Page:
1976 Music Man Stingray I

CRAVE Guitars says…

Thumbs up: A logical development path for Leo Fender, build quality, pickups, versatility

Thumbs down: Non-intuitive control layout, active electronics may not be for everyone

Decree: A very cool piece of Leo Fender’s legacy and a sign of intent for the future

Model Description:

When Leo Fender sold his company to CBS Corporation in 1965, he entered into a 10‑year ‘non‑competition’ clause that restricted his business dealings. In 1976, after the clause expired, Leo Fender became president of Music Man and, with his partners Forrest White and Tom Walker, designed and produced guitars, basses and amplifiers in Fullerton, California. Leo Fender applied a long list of innovative ‘improvements’ to what he saw as the next evolution of his past classics. The first Music Man instruments to appear from mid‑1976 were the dual‑pickup Stingray guitar and single‑pickup Stingray bass. While Ovation had used active electronics on their Breadwinner guitars from the early 1970s, Music Man became one of the first large‑scale manufacturers to incorporate on‑board active circuits on their instruments. Like Fender models, the Stingray guitar featured a bolt‑on maple neck and single‑sided headstocks. While electronically innovative, the Stingray was not well received by musicians, who said that it was too bright, loud and clean. However, this is possibly because guitarists didn’t know how to get the most from the new instruments. Some also didn’t take to the guitar’s quasi Fender‑like aesthetic. Internal politics at Music Man didn’t help and The Stingray guitar faded into obscurity from about 1979, basically disappeared by 1982 and, unlike the Stingray bass, it did not survive when Music Man was taken over by Ernie Ball in 1985. Music Man remains an active part of the massive Ernie Ball empire and an updated version of the Stingray guitar was given a new lease of life in the 2010s.

Guitar Description:

For your consideration, a rare, completely original Music Man Stingray I, a wonderful example from the early days of the company when the Music Man brand was very cool. This particular Stingray I is one of the first 500 made in 1976 with the white scratchplate and the retro control knobs. The lovely ash wood grain on this guitar is quite something. The dual humbucking pickups and active electronics provide for a very flexible and adaptable instrument with a wide range of sounds available, as long as you remember that this isn’t a normal passive guitar. Playability and ergonomics are fine and well up with anything that Fender was producing at the time, although the rotary switch takes a little getting used to. The ‘I’ in the model’s name simply refers to the fingerboard radius – the ‘I’ has a modern flatter profile and the ‘II’ had a more vintage‑style curved shape. Call me weird if you want but I personally really like the visual style, as well as the sound. For those in the know, though, this is a really great axe and a hugely underrated hidden gem of a guitar. I bought the Stingray from Ross Godfrey, guitarist with and co-founder of English trip hop band Morcheeba who bought it from the original owner in Albuquerque, New Mexico, and brought it back to the UK. NB. This guitar comes with signed provenance, courtesy of Mr Godfrey.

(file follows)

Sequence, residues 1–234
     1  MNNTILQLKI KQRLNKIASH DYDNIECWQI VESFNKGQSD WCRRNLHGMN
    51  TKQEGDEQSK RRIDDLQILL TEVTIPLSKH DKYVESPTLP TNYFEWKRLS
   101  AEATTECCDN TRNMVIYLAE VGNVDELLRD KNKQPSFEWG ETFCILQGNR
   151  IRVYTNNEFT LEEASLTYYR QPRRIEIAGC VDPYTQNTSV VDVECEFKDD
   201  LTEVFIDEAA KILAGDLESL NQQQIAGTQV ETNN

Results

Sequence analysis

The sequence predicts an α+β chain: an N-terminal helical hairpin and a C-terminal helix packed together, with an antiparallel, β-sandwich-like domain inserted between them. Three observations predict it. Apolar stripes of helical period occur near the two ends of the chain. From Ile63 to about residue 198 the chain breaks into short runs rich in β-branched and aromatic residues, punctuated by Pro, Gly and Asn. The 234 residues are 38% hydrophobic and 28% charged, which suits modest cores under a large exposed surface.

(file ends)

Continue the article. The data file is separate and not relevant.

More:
• Made in the U.S.A. in c.1976
  • Ash body with original polyester natural finish
  • Maple bolt-on neck (3‑bolt ‘adjustable’) with mahogany ‘skunk stripe’
  • Maple fingerboard with 22 frets and black dot markers
  • Scale length 25½” (647mm)
  • Original Music Man (by Schaller) tuners
  • Original mix of chrome and nickel plated hardware
  • Original 3‑ply white scratchplate with chrome control plate
  • Original twin humbucking pickups
  • Original active electronics, pots, knobs, switches and jack socket
  • Original hardtail bridge assembly with through body stringing
  • Vintage hard shell case


  • Joe Bonamassa
  • John Fogerty (Creedence Clearwater Revival)
  • Albert Lee
  • Steve Lukather (Toto)
  • Eddie Van Halen

Detail Gallery:

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